Having succeeded in your first year of university study towards becoming a social worker, here you are, the next exciting chapter in your journey to becoming a social worker...your first placement! You might be feeling nervous, excited, overwhelmed, and passionate too hopefully. Your placement is your first real chance to start implementing some of what you have been learning at university and trying out some of those skills that are vital to your role as a student (soon to be) social worker.
Applying for your placement
Each student completes a Placement Application Form (PAF for short) as part of the process of matching them to a placement provider. This is your opportunity to sell yourself to your prospective placement agency, demonstrating what skills you have and any experiences you may have had previously that would make you a great addition to their team. By allowing yourself plenty of time to complete this, you’ll have a nice smooth start to your placement.
Before you even find out what placement you have been matched with, there are some things you can do to get yourself ready and prepared. I found that mapping out what the year ahead will entail for you is helpful. You’ll know what academic modules you will have running alongside the placement, and the end of each trimester when your submissions are due, so don’t forget to put them in your diary.
If you have children or other caring commitments start to think early about how these will be managed. Placement days are usually 9 am until 5 pm, although you might go to a school and, in this case, it could be more like 8.30 am until 4.30 pm. Either way, start to think if you need to get things in place for your own commitments, like afterschool clubs for your children, a childminder, or even a dog walker/sitter. Having a robust plan for these things will really support you to relax into your placement when it starts.
Initial placement is usually for 2-3 days a week, and you'll have a day at university to attend too, so by the time you factor in independent study and essay writing, I like to think of it as a full-time week.
Waiting to hear back
You might be waiting to hear about where your placement will be or, what you will be doing and when. Feeling anxious during this time is understandable. Likewise, if you’re like me and super excited about it, you might just be impatient. There are however some things you can do in the meantime. If you’re into the second academic year, my top tip is to crack on with the assignments that are due in December, placement will happen before you know it, and then this will be one less thing to worry about!
Placement allocation/Pre-placement meeting and getting ready to start
Great news! You’ve now been allocated a placement and they’ve made contact and invited you to come along to meet you! Now you can do some groundwork to set the scene for success. Things to think about are:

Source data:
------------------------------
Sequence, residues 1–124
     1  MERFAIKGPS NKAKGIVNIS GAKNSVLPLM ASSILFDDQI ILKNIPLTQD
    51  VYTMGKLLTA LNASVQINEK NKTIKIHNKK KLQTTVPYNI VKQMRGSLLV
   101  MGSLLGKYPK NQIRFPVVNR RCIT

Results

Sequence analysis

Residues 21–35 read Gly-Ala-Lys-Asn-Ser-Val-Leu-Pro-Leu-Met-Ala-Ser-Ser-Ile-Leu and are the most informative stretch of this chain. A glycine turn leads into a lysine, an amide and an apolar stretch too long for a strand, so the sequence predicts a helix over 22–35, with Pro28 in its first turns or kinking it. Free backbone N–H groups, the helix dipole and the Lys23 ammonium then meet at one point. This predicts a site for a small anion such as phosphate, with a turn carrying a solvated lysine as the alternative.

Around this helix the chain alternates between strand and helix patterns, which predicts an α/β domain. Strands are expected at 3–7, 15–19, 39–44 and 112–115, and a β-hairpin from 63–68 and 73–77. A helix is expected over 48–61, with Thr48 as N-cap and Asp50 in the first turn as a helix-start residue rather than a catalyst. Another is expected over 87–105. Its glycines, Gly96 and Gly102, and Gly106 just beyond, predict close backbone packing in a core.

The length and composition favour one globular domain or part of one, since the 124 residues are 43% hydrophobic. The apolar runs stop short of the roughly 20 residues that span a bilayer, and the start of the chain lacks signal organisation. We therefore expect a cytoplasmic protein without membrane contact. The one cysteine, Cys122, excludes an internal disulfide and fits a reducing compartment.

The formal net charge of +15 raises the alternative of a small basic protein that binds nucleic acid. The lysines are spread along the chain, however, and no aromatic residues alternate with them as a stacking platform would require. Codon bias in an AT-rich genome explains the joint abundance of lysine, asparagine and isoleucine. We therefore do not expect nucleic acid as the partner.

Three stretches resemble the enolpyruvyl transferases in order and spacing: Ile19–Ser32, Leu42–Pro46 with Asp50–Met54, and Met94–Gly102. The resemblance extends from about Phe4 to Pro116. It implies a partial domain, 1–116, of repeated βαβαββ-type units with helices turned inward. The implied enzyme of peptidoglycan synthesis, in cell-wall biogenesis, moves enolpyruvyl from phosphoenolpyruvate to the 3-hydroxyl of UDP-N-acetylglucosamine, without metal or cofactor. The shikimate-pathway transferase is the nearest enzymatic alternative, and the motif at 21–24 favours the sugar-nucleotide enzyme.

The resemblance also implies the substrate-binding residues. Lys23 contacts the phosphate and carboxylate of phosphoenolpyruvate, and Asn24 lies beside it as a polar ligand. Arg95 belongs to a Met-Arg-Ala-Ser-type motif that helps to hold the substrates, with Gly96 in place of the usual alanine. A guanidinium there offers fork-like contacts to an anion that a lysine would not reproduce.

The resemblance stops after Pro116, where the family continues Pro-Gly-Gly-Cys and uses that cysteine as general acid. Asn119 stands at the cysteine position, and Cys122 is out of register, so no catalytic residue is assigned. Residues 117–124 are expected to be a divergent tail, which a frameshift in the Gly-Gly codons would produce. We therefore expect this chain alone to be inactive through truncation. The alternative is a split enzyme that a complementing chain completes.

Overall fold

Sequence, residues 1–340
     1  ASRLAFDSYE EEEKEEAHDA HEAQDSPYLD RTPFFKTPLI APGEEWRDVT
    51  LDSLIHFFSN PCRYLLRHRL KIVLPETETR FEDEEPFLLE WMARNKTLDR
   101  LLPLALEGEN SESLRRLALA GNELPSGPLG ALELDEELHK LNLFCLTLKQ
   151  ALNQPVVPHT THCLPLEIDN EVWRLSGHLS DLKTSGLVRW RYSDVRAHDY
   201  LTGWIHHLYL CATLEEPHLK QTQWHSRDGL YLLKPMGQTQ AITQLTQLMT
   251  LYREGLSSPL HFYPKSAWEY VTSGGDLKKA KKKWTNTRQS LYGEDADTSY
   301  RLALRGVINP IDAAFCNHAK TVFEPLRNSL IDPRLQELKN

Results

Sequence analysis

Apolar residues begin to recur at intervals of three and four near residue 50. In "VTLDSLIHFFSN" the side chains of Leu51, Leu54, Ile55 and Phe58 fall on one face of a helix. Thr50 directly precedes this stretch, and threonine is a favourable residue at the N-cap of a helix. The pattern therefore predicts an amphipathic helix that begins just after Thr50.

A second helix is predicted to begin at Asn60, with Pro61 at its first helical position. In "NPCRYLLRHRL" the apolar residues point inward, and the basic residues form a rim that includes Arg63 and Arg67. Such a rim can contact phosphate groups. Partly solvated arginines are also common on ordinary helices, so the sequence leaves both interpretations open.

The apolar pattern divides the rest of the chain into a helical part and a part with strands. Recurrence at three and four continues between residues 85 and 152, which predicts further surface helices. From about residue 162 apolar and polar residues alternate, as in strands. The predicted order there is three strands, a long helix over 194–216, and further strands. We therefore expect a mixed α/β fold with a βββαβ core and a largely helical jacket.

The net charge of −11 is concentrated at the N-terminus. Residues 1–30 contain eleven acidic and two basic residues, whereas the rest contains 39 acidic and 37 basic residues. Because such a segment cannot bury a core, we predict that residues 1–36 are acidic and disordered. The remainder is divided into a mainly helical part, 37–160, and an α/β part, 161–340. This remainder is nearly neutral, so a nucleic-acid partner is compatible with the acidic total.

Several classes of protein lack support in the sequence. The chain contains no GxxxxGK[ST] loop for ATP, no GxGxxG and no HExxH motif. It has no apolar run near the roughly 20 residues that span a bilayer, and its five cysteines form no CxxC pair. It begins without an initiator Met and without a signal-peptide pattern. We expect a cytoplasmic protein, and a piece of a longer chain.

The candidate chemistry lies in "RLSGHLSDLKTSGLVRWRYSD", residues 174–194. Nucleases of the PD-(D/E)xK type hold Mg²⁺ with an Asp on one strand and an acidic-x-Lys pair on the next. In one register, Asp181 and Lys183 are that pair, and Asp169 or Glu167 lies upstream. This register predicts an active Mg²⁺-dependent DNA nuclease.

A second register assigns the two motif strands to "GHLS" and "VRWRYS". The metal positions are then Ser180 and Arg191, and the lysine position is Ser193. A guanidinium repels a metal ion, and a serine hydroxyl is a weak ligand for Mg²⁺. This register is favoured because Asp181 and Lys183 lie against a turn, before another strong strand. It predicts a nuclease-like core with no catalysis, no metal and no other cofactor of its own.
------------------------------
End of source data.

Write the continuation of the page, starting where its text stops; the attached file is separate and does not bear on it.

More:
- First impressions count, arrive on time and dress appropriately.
- What do you need to know about the setting? What questions do you have? What days will you be in placement? Take a list with you (it’ll really help)
- Do some research on the organisation and surrounding area, this will be valuable information that you can include in your learning agreement meeting (LAM) document and will help inform you about the type of work you’ll be doing.
- Independent reading on legislation and theories relevant to the placement type is also a worthwhile task at this point if you have time!
- Read through the placement portfolio guide, this will give you an idea of what you’ll need to demonstrate during your placement.
Being organised throughout the placement to make the most of it
At first glance, 70 days for your initial placement feels like a long time... believe me when I say it isn’t. Before you know it, you’ll be at your midway meeting and then wrapping up the experience at the end. So how do you make the most out of it?
- Plan. Work out how many observations, reflections, and pieces of feedback you need to evidence, and make yourself a spreadsheet or timeline to help you break the task of doing all of this into smaller chunks! With that, once you’re getting stuck into working with people (adults, children, or families), think about the types of work you are doing and how you will demonstrate the Professional Capabilities Framework and Social Work England Standards as you go.
- Ask questions. This is a learning experience after all. Please remember you are not supposed to know it all... this placement should support you to find out more, try things out and make those links between theory and practice.
- Get stuck in. The more proactive you can be, the better. Ask for opportunities to shadow and take part in things that interest you, you’ll find brilliant opportunities to learn during your placement.
- Reach out if you need help. Not everyone finds placement easy, and that is okay. Utilise all the support available through ARU, don’t keep things to yourself. That’s what the lecturers and support services are there for.
- Enjoy yourself. You are only going to be a student for a short time, as such you are time rich without the pressures of a full caseload or other demands. I will always look back on my initial placement with fondness, I feel like you don’t realise it when you are in it, but you will have some of your best days there! GOOD LUCK and HAVE FUN!
Want to find out more information? Find out more about social work placements here.